That weekend, we decided that we had not heard or seen anything that was putting us off moving forward with Rainbow Girl. On the Monday morning our SW contacted the Family Finder and expressed our wish to pursue a link with Rainbow Girl. We were advised that the other family were in the same position. So we waited.
It was ten nail bitingly stressful days of waiting before we heard anything from the LA. Our SW rang every couple of days to see whether a decision had been reached, only to keep being told that the Family Finder and SW Manager hadn’t been able to meet to discuss the case.
It was 18th March 2015 when I took a call from our SW. James was due to drive three hours to meet up with his friend at an Ikea halfway between our homes, so I had the bright idea of us all going on a road trip! The girls and I would shop and hang out and play whilst the boys met and talked and prayed and shared church leadership stories.
And in the middle of the tin box that is Ikea, I took the phone call we had been waiting for.
Our SW told us they had chosen our family.
WE WERE LINKED.
Barring undisclosed or new information being discovered by either party, the LA wished to pursue a match for Rainbow Girl with our family.
I would love to say that everything then speeded up in working towards a placement as soon as possible for Rainbow Girl. But it was another tortuous four months before she eventually came to join our family.
From linking, we went through all the usual steps: meeting the Medical Advisor, meeting Rainbow Girl’s new SW, a home visit from the involved SWs to see our home and meet our girls, the linking meeting…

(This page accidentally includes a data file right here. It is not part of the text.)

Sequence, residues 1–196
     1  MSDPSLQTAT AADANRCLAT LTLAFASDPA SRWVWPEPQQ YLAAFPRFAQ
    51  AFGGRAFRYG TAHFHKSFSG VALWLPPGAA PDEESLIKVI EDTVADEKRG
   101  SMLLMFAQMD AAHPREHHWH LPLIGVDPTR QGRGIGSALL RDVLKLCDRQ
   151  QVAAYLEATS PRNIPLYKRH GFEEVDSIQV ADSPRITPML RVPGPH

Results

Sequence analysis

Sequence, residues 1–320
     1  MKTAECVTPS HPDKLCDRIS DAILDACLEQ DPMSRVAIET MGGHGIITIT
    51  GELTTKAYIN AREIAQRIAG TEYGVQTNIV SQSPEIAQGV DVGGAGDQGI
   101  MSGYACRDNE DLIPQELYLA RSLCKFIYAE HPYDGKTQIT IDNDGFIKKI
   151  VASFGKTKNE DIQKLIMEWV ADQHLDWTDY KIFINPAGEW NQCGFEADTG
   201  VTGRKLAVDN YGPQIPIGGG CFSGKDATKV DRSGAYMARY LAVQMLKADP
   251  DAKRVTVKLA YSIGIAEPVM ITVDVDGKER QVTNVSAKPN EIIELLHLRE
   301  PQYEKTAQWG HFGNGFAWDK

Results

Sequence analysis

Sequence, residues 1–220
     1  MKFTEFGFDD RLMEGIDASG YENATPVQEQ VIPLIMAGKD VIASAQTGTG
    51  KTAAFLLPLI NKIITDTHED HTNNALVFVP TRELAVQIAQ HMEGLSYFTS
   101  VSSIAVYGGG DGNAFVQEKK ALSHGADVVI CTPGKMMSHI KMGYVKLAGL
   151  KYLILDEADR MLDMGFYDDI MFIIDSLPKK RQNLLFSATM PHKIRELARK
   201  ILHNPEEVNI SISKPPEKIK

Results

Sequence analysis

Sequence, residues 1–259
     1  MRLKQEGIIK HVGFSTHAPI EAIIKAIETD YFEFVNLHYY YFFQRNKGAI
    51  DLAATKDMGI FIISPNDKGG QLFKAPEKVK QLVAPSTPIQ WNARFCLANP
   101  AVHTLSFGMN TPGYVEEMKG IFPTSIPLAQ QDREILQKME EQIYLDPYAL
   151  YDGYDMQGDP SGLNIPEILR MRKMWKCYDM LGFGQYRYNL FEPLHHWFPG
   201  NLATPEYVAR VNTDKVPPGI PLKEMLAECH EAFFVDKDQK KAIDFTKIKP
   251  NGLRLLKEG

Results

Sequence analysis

And so the weeks went by.
We eventually got a Matching Panel date for 21st May 2015.
It was a fairly bumpy ride from Linking to Matching Panel for a number of reasons. We were repeatedly asked the same questions by different professionals involved, especially around home educating our birth girls, our plan for Rainbow Girl to share a bedroom with two of her sisters, and our plan to adopt a child despite already having three birth children.
Panel day came and we attended (in similar smart casual clothes!) with our fab SW. Rainbow Girl’s SW was on holiday for the Panel date and we were expecting her Manager to attend, however on arrival at Panel it was another SW from the team who came in lieu of the Manager. One who did not really know anything about Rainbow Girl or our match…
This Panel felt much more scary to me! The formal boardroom setting does nothing to settle anyone’s nerves and the room full of people was most intimidating. I recollect there being approximately fifteen people present as we walked into the room. We had to wait in the holding room for over an hour before being called in, at which point I had worked myself up into a state over what they were discussing with our SW and Rainbow Girl’s stand-in SW.
I remember little about actually sitting in Panel, other than them asking the questions we had expected about home educating, how we were preparing our girls and why we felt we would be a good match for Rainbow Girl.
We had made Preparing to Adopt workbooks for each of our girls and we had brought them with us to show to Panel. The workbooks went down well and helped to put us at ease. Panel expressed some concern that Rainbow Girl’s Child Permanence Report was not up to date and requested that her SW complete the report before the Agency Decision Maker’s deadline date.
I think the stakes felt so much higher at this Panel, as we were invested in the match after six months of knowing about Rainbow Girl, reading everything about her that we could get our hands on and introducing her on paper to our three girls.
We only waited a short time following Panel, before the Chair came in to tell us that they were approving our match with Rainbow Girl, pending the Agency Decision Maker’s decision, which would happen ten days later on 1st June 2015.